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Austria

Austria

New tariffs bring some hope -- Just 12 MW in Austria

Revised feed-in tariffs should help to put new life into the Austrian wind sector according to Hans Winkelmeier, chairman of Interessengemeinschaft Windkraft Oesterreich (IG Windkraft), the Austrian wind association. Eight of the nine Austrian Länder had decided on their feed-in tariffs for wind by the end of last year, with only Styria still using rates from 1995. In 1999 just 12.45 MW of wind capacity was built in Austria, bringing the national total to 42 MW provided by 86 wind turbines.

The impetus for revising the rates comes from the renewables percentage obligation contained in Elwog, the electricity market law from February 1999. Under the law, grid operators must include a minimum of 3% renewables in their supply portfolios by 2005. Renewables include wind, solar and biomass.

The renewable energy feed-in tariff (REFIT) varies considerably from Land to Land, from an average ATS 0.46/kWh in Burgenland to ATS 1.24/kWh in Upper Austria. In each of the Länder, the tariff changes according to the season and demand period.

The Länder each have their own detailed tariff regulations. Some have rules running only for a short period. Upper Austria's tariff runs from September 29, 1999 to the end of 2000, while that of Salzburg runs from September 18, 1999 to end September 2000. Lower Austria and Burgenland limit their fixed tariffs to 80 MW of new wind installed after February 18, 1999. Upper Austria and Salzburg pay a lower rate for power from large turbines rated at 2 MW and above.

The rates in Salzburg and Burgenland are too low to cover generating costs, according to Winkelmeier. And in most other Länder turbines are still not viable without more support, though the new rates are an improvement.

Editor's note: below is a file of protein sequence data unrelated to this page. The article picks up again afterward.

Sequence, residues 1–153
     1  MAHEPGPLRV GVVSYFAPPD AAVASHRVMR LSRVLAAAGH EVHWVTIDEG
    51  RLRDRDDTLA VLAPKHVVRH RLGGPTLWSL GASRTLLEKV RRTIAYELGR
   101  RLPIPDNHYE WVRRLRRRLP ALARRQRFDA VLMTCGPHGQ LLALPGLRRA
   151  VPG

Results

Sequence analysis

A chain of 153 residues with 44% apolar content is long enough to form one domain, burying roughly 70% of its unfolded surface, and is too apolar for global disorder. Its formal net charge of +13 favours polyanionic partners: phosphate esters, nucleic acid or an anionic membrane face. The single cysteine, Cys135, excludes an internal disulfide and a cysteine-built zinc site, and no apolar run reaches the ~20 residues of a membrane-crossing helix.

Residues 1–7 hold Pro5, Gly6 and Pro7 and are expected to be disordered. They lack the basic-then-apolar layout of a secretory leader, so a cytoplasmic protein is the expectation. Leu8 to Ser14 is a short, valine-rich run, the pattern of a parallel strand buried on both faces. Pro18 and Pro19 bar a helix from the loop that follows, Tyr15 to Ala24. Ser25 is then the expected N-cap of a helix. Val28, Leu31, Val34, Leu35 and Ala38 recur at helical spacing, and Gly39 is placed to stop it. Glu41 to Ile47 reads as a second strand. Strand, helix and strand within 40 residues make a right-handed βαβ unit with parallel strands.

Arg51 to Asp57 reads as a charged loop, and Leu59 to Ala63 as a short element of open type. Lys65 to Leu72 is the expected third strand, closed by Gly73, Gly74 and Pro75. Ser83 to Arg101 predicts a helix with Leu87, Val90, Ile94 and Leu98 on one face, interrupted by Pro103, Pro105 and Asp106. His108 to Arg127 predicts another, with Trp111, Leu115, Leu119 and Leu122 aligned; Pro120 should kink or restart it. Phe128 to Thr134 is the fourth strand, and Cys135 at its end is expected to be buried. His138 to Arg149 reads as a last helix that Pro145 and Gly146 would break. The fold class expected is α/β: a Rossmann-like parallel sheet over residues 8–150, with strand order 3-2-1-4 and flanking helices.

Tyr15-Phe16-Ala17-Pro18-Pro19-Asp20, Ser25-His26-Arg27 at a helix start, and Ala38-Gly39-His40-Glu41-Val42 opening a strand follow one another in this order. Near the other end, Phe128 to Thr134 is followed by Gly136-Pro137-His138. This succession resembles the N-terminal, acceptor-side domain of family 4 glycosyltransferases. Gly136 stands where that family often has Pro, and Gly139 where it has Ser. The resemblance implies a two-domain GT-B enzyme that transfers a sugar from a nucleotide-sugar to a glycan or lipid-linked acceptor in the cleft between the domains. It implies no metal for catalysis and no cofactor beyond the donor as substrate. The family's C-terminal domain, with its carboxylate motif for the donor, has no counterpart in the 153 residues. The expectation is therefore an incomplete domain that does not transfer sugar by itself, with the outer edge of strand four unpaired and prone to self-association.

IG Windkraft says it would have preferred the a federal-wide REFIT like Germany, but it believes the mix of Austrian tariffs will enable 30-40 MW of new wind in 2000. IG's Stephan Hantsch also sees the new tariffs opening the way for sites in difficult terrain.

Initial satisfaction over the tariffs was dampened, though, by the realisation that the 3% ceiling has already been reached in some areas, particularly in the more windy east, meaning a drop in average payments from about ATS 0.90/kWh to ATS 0.60/kWh. The wind sector in eastern regions is also under pressure because the agricultural lobby insists that half the 3% be provided by biogas.

Hantsch hopes that a long awaited Elwog reform will soon be passed, which should bring a better deal for wind. In particular, it is expected to include drastically reduced grid charges for renewables to facilitate the delivery of green energy "to all interested consumers." Present grid charges for deliveries to households vary widely across the country, the lowest rate being ATS 0.62/kWh and the highest ATS1.39/kWh, according to the Austrian renewables association. Rates for industrial deliveries are lower.

New in 1999

Austria's largest new wind farm, in Lower Austria, is the Windpark Leitzersdorf, made up of four Bonus 1 MW machines. It went into operation in November. In the same month Vestas installed a total of five 660 kW turbines at two stations: Oberrödham (three units) and Spörbichl (two units) in Upper Austria.

The other new plants were one 750 kW NEG Micon turbine at the Plankogel wind station in Styria, four DeWind Technik 600 kW machines at Windpark Zistersdorf in Lower Austria and four Enercon E40 500 kW turbines installed alongside two existing Enercon 500 kW units at Zurndorf in Berne.

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